While I was sitting in the Social Science Reading Room the other night, a young woman in a green plaid skirt and a dark blue sweater and running shoes came over to my desk. She needed a volume I had. We chatted. She is a graduate student at a university in West Virginia and she's doing research at night for her master's thesis in social science. She has an internship in the city during the day. The library provides a shelf for her books -- a service lacking at most other local university libraries. "This shelf has been a tremendous help," she said. And it's so inspirational to be here. What am I going to do after they close the library at night?"
I remember what it was like to be a student at the Library of Congress at night. I, too, was working on my master's degree, in English. I was an "editorial assistant" -- a typist, really -- by day. I looked forward to my nights in the Main Reading Room.
Entering that room was like being transported. I felt warm and alive. The columns stretched tens of feet high. The magnificent dome soared overhead. Adorning the upper reaches of the alcoves were statues of poets and philosophers. A huge clock, overhung with a figure of Father Time with his scythe, checked off the minutes for the visitors at their desks below.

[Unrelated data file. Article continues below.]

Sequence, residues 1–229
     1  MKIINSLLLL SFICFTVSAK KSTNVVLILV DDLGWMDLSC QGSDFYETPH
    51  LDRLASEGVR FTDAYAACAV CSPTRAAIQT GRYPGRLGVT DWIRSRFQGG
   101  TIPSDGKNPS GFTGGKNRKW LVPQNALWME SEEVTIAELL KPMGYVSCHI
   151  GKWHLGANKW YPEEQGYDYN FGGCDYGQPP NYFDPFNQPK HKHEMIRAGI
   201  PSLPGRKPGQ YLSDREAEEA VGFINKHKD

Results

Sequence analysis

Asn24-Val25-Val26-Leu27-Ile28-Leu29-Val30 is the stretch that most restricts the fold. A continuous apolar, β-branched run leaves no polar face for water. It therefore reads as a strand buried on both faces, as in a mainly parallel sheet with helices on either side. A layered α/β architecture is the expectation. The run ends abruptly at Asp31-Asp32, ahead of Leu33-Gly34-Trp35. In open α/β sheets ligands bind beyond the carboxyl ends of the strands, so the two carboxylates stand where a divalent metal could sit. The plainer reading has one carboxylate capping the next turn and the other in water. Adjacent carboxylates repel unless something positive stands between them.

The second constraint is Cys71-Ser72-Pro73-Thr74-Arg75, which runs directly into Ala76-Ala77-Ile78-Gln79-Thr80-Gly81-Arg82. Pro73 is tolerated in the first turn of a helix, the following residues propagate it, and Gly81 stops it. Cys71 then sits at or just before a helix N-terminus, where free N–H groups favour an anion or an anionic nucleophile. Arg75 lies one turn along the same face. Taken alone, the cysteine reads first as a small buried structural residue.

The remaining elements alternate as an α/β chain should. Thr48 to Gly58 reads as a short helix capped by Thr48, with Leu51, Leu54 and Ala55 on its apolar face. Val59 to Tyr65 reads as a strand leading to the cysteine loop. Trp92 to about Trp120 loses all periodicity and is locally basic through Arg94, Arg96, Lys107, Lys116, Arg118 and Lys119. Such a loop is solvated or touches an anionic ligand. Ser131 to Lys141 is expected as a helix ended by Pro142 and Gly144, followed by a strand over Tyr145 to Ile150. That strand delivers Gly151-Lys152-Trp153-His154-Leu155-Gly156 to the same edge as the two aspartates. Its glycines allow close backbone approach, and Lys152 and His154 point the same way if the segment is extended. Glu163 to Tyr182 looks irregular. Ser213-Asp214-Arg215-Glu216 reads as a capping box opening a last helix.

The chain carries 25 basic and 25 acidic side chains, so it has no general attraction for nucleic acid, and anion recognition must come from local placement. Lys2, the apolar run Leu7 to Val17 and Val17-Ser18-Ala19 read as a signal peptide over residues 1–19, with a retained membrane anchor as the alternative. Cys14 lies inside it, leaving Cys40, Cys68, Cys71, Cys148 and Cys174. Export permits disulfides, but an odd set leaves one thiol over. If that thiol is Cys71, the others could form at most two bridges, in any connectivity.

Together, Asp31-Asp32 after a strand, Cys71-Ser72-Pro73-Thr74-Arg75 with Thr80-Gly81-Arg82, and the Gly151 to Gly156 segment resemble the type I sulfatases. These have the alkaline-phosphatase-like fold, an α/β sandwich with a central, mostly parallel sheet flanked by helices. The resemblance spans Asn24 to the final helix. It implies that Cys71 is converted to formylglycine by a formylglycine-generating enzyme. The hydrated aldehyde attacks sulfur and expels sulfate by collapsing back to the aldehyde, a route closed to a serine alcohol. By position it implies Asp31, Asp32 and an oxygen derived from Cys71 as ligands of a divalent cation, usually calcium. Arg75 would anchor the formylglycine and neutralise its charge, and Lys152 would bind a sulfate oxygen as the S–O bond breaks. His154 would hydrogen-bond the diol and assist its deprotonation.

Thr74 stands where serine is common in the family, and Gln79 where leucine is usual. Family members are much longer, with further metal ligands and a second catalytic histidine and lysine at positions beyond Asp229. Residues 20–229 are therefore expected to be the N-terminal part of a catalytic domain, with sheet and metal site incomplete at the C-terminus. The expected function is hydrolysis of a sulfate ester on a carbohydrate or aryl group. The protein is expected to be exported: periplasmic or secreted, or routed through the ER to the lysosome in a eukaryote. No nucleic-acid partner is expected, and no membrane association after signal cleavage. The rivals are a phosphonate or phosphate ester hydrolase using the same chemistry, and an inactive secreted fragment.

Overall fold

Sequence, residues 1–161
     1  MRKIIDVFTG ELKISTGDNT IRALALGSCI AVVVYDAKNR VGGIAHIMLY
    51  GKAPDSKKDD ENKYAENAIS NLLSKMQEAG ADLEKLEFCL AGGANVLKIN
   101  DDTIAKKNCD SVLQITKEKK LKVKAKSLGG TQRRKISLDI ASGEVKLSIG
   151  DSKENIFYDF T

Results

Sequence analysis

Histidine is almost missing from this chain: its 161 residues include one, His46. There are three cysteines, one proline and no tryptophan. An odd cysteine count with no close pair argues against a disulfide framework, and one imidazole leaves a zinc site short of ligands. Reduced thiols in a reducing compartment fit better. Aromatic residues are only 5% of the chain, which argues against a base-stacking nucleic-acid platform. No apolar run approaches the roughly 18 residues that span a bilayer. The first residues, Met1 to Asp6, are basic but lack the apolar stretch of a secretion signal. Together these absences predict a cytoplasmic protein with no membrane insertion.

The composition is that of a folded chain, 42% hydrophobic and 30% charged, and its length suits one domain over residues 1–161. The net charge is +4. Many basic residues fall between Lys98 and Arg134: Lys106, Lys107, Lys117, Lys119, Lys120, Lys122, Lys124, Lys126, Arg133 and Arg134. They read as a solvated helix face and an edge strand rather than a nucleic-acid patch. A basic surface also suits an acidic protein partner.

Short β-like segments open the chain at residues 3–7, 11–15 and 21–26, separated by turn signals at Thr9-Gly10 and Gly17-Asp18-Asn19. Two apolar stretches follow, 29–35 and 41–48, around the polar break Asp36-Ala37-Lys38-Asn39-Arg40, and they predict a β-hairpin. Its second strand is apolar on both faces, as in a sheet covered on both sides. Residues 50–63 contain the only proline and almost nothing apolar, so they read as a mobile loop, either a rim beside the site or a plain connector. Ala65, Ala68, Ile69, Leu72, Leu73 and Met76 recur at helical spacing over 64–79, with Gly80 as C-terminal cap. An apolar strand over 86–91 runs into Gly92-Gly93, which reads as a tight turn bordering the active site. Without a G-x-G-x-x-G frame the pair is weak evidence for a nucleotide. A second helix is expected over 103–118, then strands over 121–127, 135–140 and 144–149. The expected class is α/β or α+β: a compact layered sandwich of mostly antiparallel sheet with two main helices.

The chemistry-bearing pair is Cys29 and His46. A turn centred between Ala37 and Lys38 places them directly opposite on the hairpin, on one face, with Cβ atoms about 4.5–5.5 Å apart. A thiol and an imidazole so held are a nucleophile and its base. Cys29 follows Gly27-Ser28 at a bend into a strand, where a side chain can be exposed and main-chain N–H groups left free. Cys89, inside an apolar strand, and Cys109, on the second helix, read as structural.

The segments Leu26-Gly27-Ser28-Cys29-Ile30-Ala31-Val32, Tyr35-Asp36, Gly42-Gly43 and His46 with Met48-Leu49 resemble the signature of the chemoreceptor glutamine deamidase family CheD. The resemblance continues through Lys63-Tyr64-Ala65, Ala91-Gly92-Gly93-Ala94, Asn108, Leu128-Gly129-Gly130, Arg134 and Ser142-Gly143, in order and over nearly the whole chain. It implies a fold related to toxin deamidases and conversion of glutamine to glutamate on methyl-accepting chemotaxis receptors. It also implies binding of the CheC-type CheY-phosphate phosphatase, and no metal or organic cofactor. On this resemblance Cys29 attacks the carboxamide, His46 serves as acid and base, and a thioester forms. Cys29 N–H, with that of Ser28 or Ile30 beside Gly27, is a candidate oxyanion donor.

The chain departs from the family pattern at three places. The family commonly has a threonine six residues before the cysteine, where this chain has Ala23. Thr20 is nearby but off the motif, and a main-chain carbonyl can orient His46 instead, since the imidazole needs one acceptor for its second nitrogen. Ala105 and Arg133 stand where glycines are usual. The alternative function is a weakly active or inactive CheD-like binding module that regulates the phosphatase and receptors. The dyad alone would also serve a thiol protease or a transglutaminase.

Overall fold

I always had a sense that the riches of scholarship were at my fingertips. Unlimited numbers of books could be ordered, and the service was fast. Time flew on those magical weekday nights. It always shocked me to see the clock pointed to 15 minutes before closing. When I finally got my master's degree, I qualified for a good rating in the federal government.
I didn't abandon the library. Later on, I began to write free-lance articles in my spare time, and the library was invaluable. I was never alone. I saw elderly people, young people, black and white people. Most of the men wore business suits, and I imagined they had come directly from the office.
But it was the women who interested me most. They reminded me of myself two decades before, stuck in an entry-level, low-paying job. Were they also using the library to find opportunity?
I feel sorry for that young woman in the plaid skirt and blue sweater and running shoes. What will happen to her when the doors close at night?